Met Oliver Lowenstein at Hooke this week who told me this story of when he met Richard Leplastrier in Finland (his words):
“The second time I travelled to Finland was on a Finnish Forests’ journalists’ junket, to be shown some of the country’s most recent timber industry and architecture developments, and as it happened, to attend that years’ Timber Engineering Congress. The day before that, we were taken up to UPM’s flagship factory and given the guided tour. The factory was really extraordinary; hi-tech, and automated stretching, seemingly, for miles. Wood in different stages of deconstruction and reconstruction whizzed and trundled past on various conveyer belts. The number of workers seemed minimal. Accompanying us on the tour was a tall man, with a craggy avian countenance, in chic but crafty clothing. He didn’t speak a word. Afterwards we were ushered into UPM’s media room. Once seated the head of distribution gave a short talk about their new product range, before proceeding to ask his audience if there were ways that we, the journo’s, could help develop these. A few muttered suggestions, and then the tall, craggy man began to talk. My neighbour whispered that he was Richard LePlastrier, an Australian architect, who was winner of that year’s ‘Spirit of Wood’ prize, and was to be honoured at the Congress within twenty-four hours. LePlastrier began, praising ‘the wonder of plywood’, for its strength and ability to be moulded into many, curving shapes. As someone who has promoted engineered wood to the rafters I began to think he was here to congratulate the company. But then he continued, pointing out how little interaction the workforce had with the material, how the skills traditionally associated with woodworking were completely redundant in the age of hi-tech wood production, before finally asking, why wood production couldn’t be more holistic, giving more to the workforce in both involvement and fulfilment?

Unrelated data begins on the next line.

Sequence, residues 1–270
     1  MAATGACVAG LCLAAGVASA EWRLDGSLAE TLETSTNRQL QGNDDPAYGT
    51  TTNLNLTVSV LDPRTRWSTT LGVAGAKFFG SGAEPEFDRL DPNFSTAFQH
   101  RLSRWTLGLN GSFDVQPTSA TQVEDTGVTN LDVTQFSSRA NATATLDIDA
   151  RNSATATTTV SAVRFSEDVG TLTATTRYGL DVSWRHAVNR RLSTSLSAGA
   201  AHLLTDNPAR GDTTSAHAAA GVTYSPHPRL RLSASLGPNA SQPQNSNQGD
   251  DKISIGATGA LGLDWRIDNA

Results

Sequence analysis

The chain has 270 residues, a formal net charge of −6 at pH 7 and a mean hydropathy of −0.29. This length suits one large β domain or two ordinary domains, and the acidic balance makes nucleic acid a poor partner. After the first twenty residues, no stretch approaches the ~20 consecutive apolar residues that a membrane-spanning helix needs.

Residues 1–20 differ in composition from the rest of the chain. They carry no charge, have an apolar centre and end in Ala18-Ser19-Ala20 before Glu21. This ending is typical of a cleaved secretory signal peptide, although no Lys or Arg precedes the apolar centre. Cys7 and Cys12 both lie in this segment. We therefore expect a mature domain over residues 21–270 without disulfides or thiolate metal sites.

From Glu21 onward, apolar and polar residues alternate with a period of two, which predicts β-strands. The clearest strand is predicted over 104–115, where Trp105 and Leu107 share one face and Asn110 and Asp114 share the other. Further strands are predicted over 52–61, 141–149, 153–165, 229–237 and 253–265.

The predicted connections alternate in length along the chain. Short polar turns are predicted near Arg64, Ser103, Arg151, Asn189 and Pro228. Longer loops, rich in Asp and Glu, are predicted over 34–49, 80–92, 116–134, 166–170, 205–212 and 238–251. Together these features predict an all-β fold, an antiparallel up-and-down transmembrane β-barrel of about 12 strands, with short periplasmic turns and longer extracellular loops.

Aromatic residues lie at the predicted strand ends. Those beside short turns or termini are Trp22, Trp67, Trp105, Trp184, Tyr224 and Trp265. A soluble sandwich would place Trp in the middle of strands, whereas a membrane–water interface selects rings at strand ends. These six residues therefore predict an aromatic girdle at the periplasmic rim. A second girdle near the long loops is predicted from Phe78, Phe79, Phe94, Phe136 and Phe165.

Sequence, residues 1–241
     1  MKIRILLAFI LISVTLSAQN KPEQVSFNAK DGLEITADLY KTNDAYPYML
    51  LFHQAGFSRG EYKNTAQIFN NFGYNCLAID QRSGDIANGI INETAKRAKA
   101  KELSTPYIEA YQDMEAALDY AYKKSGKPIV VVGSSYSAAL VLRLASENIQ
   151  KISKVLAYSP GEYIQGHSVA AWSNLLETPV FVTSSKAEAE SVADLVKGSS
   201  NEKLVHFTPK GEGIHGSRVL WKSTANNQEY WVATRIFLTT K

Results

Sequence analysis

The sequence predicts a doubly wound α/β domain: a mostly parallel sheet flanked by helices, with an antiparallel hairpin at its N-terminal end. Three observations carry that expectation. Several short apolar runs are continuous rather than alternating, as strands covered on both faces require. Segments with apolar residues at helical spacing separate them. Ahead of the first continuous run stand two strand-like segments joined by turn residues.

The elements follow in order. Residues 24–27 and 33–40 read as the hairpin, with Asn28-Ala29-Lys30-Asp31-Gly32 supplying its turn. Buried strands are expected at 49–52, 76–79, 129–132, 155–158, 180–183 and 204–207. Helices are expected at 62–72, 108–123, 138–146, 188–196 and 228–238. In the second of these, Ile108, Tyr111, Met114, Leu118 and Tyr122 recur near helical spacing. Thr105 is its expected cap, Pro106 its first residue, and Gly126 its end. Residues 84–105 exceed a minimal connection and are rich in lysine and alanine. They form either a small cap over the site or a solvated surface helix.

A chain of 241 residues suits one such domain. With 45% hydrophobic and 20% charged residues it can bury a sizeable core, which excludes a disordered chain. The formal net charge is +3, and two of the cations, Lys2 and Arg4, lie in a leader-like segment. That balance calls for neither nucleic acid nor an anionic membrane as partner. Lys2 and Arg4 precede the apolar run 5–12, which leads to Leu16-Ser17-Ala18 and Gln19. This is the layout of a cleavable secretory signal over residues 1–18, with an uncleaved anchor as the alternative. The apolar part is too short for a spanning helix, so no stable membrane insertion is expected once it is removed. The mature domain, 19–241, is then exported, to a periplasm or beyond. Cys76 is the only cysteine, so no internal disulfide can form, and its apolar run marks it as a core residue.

The UPM people looked on, momentarily stunned into silence at such a blunt ‘off message’ from their very special guest. Now, bring this all back to Britain. If you think that LePlastrier has a point, it’s part of any aspirational engineered wood culture, home grown or otherwise, to square these circles. How can ply and traditional woodworking co-exist, without the former replacing the latter?”